- A survey of the Looped User Group requesting reports of known use errors or risks.
- A sample of one month of posts taken from the Loop users’ Facebook group
We requested permission from the leadership of the group before conducting any research. They granted permission provided we shared the results of our findings. They, like many other disability communities, have learned the all-too-common pattern of designers and researchers extracting value and expertise from their community without sharing any of the learnings or insights back. We wanted to honor their work by sharing the knowledge we built from it.
We wanted to honor their work by sharing the knowledge we built from it back to the community.
The number of posts in one month was on the scale of 10’s of thousands. I saved a total of about 600 that were potential use-related risks. I then carefully read through each, tagging and categorizing them as I went, developing a schema of level of risk and root cause in perception, cognition or action. After applying the same analysis to the survey results we ended up with approximately 117 use-related risks.
This research served as the foundation for an interdisciplinary risk-management team made up of clinical advisors, product, engineering and QA documenting the risk assessment for each and how we planned to mitigate each risk.
Many of the design revisions I worked on and highlighted in my Tidepool Loop Case Study came from the most critical risks. Knowing the real user stories behind these made a huge impact on being able to design mitigations for them quickly and effectively.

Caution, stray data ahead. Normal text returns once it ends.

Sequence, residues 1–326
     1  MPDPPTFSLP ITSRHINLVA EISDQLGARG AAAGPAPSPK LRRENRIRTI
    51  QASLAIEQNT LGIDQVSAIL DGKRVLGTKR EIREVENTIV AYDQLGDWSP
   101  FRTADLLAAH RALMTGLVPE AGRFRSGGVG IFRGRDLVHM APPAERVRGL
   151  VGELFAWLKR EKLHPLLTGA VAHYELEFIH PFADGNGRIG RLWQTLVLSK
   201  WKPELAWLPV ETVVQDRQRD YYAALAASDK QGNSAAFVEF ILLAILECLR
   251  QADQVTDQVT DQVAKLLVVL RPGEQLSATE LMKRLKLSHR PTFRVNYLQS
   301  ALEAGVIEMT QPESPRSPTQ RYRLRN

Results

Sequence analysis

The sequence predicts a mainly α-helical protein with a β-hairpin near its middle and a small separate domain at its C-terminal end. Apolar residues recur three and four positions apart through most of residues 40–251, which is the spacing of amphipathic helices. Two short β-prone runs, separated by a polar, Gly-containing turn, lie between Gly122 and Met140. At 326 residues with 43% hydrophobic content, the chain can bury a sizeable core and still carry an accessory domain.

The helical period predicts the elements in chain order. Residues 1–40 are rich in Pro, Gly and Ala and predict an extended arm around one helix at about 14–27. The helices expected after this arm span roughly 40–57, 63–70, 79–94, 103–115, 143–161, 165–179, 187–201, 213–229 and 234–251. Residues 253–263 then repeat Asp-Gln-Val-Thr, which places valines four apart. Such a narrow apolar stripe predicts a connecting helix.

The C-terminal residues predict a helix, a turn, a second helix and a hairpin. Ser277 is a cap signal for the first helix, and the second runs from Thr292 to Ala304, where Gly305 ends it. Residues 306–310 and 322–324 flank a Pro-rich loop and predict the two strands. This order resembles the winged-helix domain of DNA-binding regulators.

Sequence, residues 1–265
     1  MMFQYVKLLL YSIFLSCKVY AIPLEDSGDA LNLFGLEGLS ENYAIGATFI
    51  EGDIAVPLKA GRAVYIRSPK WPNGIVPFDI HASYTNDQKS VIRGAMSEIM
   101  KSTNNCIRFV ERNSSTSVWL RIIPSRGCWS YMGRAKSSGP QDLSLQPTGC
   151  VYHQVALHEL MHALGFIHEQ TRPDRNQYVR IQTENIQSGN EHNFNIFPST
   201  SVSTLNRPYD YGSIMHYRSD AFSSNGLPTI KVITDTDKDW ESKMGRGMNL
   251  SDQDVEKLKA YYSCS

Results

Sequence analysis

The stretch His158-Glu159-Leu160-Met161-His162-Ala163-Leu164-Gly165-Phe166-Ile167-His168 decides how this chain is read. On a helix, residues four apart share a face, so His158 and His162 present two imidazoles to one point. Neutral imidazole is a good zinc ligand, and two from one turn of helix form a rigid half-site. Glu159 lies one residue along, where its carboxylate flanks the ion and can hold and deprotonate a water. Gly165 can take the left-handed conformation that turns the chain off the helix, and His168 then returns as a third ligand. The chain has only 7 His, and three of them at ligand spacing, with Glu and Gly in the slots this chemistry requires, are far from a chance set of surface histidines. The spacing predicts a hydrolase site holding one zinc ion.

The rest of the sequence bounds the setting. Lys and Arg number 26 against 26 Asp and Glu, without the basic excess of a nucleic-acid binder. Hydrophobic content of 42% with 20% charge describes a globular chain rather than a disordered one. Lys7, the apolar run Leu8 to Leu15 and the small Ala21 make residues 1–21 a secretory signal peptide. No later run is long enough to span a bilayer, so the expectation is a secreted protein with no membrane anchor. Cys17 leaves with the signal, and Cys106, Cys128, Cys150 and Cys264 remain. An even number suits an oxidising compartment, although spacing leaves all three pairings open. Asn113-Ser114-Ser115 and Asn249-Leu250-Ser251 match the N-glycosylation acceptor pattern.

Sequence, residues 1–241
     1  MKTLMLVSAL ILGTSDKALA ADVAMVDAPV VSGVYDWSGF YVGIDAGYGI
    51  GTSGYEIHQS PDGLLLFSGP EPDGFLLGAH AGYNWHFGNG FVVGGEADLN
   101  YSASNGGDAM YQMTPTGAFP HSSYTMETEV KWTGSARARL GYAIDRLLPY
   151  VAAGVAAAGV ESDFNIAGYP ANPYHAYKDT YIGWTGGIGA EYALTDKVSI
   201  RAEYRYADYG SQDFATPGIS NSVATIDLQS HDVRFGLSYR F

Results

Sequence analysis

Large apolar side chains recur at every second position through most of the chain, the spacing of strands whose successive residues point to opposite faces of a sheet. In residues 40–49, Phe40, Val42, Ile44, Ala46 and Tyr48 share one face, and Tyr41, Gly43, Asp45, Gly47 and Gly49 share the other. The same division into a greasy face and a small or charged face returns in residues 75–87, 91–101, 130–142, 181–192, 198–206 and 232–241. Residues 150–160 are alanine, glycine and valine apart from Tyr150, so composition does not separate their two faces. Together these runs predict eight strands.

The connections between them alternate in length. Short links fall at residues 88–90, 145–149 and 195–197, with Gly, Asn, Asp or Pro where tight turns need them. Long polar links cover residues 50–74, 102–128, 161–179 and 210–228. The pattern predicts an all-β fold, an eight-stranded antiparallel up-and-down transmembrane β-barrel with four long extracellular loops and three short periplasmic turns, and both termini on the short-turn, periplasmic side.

The product and marketing teams were simultaneously working on developing the brand of Tidepool Loop. While the design team had mostly been focused on the UX of the experience up until this point I did contribute to the decision on which agency to hire, their orientation to the existing products and brand, and to several key decisions for the visual design. We landed on a simple cartoony visual style lifted from Japanese subway signs. I lobbied that we should name our character Skippy. But I was unsuccessful beyond Design and Product. I was however pleased to see most of the layouts and visuals from my storyboards intact in the final illustrations. You can see them all in DIY Loop Onboarding.
Human Factors Testing
Finally, after another pass through the onboarding consistent brand colors, illustrations, and layout, we were ready to test whether our onboarding was sufficient to enable anyone with diabetes, regardless of prior use of CGM, pump, or iOS to use Tidepool Loop safely.
While our human factors testing process was dramatically impacted by the pandemic (see Remote Usability Testing), our study design was reliant on the in-app training as the primary source of training for all critical tasks identified by our risk management team.
We had study participants complete the in-app training as designed, wait 24 hours, and then complete critical tasks on an iPhone SE gen 2.
To our delight and relief, there were no misses on any high-risk tasks. And even when the study showed that users had cognitively misunderstood an aspect of what the app was showing or doing, their misunderstanding did not result in any unsafe actions on critical tasks.
Later, during our submission, the FDA reviewers specifically called out our HF testing methods and results as excellent.
Finally, and most impactfully for our ongoing work, the agency proposed no changes or refinements to our onboarding and in-app training.